Softbank to focus on small businesses to beat DoCoMo, KDDI

by Masaki Kondo and Yoshinori Eki

Bloomberg

Softbank Corp. expects to gain market share from NTT DoCoMo Inc. and KDDI Corp. by focusing on small businesses.

The nation’s third-biggest mobile phone company slashed fees in January to ¥980 a month, the cheapest in Japan, and offered unlimited calls to spur user growth. New corporate subscribers tripled to 220,000 in the first quarter to June 30, Softbank said.

“Japan’s mobile market for business users isn’t saturated yet,” Katsuichi Tomita, senior executive vice president of wireless unit Softbank Mobile, said in an interview last month. “We are reinforcing our effort to attract corporate clients.”

Softbank, set up in 1981 as a software distributor, sells four so-called smart phones that allow users to read business documents and surf the Web. While Softbank aims to increase its 17 percent share of the $77 billion mobile market, it faces competition from leader DoCoMo, which offers discounted plans for corporate users, and Research in Motion’s BlackBerry device.

The small-business market makes up the bulk of all companies. Japan had 5.72 million offices in 2006, according to government estimates. Offices with fewer than 10 employees accounted for 80 percent of the total, compared with 0.2 percent for those with more than 299 workers, the bureau said.

“Markets for small businesses, especially for very small ones, are much bigger than those for medium-size and large,” said the 63-year-old Tomita, who heads the marketing effort at Softbank Mobile. He declined to provide a forecast for market share.

Softbank, which gets 59 percent of sales from the mobile unit, also has a land-line division that sets up computer networks and provides fixed-line telephone connections for business clients.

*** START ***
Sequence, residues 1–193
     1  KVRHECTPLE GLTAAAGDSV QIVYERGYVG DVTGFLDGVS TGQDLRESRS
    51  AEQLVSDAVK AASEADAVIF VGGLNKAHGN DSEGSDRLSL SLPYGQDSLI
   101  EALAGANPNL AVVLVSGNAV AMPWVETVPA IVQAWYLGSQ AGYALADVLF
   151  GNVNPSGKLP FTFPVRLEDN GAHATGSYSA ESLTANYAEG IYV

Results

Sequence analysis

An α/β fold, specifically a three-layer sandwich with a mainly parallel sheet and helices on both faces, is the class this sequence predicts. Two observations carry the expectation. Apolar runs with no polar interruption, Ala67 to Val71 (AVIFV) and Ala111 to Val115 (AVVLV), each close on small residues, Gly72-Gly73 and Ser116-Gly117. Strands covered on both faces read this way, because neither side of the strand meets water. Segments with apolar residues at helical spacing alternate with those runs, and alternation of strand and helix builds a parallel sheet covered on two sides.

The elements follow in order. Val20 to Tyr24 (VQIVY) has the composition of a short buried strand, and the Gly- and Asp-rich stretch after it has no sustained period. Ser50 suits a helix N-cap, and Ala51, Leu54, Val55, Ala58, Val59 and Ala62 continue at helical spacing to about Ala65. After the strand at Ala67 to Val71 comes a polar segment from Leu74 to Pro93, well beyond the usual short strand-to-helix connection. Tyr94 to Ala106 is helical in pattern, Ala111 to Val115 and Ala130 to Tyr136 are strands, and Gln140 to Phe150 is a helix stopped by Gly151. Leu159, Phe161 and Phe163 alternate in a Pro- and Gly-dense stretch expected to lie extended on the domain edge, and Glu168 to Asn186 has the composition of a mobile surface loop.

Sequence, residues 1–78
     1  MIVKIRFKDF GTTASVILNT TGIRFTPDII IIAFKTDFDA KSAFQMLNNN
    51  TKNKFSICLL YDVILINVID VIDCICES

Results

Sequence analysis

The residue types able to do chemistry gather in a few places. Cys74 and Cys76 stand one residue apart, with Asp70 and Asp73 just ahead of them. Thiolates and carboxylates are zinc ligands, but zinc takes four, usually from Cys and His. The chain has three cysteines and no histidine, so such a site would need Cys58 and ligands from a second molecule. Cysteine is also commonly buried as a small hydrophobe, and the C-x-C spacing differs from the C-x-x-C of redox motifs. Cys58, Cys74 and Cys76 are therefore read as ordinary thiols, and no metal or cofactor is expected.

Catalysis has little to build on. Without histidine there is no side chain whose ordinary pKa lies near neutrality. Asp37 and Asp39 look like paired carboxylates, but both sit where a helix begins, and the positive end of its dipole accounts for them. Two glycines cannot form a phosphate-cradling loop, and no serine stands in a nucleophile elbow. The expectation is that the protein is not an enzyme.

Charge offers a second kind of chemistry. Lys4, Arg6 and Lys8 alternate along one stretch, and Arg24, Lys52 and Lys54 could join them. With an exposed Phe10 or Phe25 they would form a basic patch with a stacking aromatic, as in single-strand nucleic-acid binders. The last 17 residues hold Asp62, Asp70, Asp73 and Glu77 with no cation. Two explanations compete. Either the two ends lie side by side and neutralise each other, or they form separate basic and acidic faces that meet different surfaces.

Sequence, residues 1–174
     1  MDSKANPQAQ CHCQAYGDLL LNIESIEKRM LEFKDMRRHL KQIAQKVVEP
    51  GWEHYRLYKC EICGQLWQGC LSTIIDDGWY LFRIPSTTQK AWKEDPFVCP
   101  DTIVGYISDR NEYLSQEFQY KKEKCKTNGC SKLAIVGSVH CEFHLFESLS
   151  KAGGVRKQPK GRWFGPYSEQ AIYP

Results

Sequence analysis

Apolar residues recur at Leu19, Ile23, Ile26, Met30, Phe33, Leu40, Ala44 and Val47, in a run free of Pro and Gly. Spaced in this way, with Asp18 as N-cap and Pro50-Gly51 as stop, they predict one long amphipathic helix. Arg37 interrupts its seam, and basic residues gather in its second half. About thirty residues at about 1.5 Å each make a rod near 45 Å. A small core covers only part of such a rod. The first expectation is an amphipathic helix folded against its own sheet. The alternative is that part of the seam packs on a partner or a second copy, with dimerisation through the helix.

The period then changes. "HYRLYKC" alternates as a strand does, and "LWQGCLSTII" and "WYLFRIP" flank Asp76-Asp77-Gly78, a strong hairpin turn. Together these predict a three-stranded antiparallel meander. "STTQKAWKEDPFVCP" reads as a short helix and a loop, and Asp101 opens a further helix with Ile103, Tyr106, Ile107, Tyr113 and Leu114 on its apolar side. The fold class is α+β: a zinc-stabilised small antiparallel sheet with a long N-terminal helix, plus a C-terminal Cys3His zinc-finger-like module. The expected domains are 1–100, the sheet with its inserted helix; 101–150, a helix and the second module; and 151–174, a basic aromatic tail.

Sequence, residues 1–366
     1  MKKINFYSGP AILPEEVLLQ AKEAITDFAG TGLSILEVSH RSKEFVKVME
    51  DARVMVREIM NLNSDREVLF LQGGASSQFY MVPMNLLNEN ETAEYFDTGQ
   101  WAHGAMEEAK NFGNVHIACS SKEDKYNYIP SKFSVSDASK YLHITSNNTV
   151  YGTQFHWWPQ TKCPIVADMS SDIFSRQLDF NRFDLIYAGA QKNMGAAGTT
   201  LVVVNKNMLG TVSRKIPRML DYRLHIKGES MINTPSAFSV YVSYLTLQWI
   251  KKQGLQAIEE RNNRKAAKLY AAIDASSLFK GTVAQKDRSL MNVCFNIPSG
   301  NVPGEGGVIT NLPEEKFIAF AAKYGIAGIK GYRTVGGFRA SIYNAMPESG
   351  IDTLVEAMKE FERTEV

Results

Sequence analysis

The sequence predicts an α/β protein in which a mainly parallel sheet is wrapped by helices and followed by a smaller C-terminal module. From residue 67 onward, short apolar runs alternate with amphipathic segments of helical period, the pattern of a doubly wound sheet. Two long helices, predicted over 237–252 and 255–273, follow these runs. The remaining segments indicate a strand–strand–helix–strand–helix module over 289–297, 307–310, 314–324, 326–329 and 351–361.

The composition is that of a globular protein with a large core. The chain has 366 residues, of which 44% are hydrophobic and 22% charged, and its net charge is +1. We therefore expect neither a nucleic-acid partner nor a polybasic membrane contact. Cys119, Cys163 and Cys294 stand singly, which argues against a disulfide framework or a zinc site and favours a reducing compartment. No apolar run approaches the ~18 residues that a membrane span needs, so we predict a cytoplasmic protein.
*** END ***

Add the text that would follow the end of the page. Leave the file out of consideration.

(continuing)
DoCoMo, which posted a second straight decline in annual net income, sees growth in the market for business customers, Chief Executive Officer Masao Nakamura said July 27. The Tokyo-based company had 52.9 million subscribers as of July 31, 10 percent of which were corporate users.

“We’ll focus on gaining corporate customers, as I don’t think 10 percent is a maximum,” Nakamura said. DoCoMo counts Texas Instruments Inc. as a customer.

Softbank added 532,000 users in the three months that ended June 30, helped by the ¥980 White Plan, which allows unlimited calls among subscribers from 1 a.m. to 9 p.m.

The quarterly increase exceeded gains at DoCoMo and KDDI for the first time since Softbank bought Vodafone Group PLC’s Japan unit in April last year for almost $16 billion.

The price plan caused Softbank’s average monthly revenue per mobile user to fall 4 percent to ¥5,000 during the quarter, from three months earlier. Average customer spending at DoCoMo was ¥6,560 and ¥6,430 at KDDI.

“Mobile phones will become essential weapons for business,” said Tomita, who headed a subsidiary of Japan’s largest personal-computer maker, NEC Corp., before joining Softbank in July 2006. “We are getting customers first and will sell software and systems later that allow information to be exchanged on handsets” to increase customer spending, he said.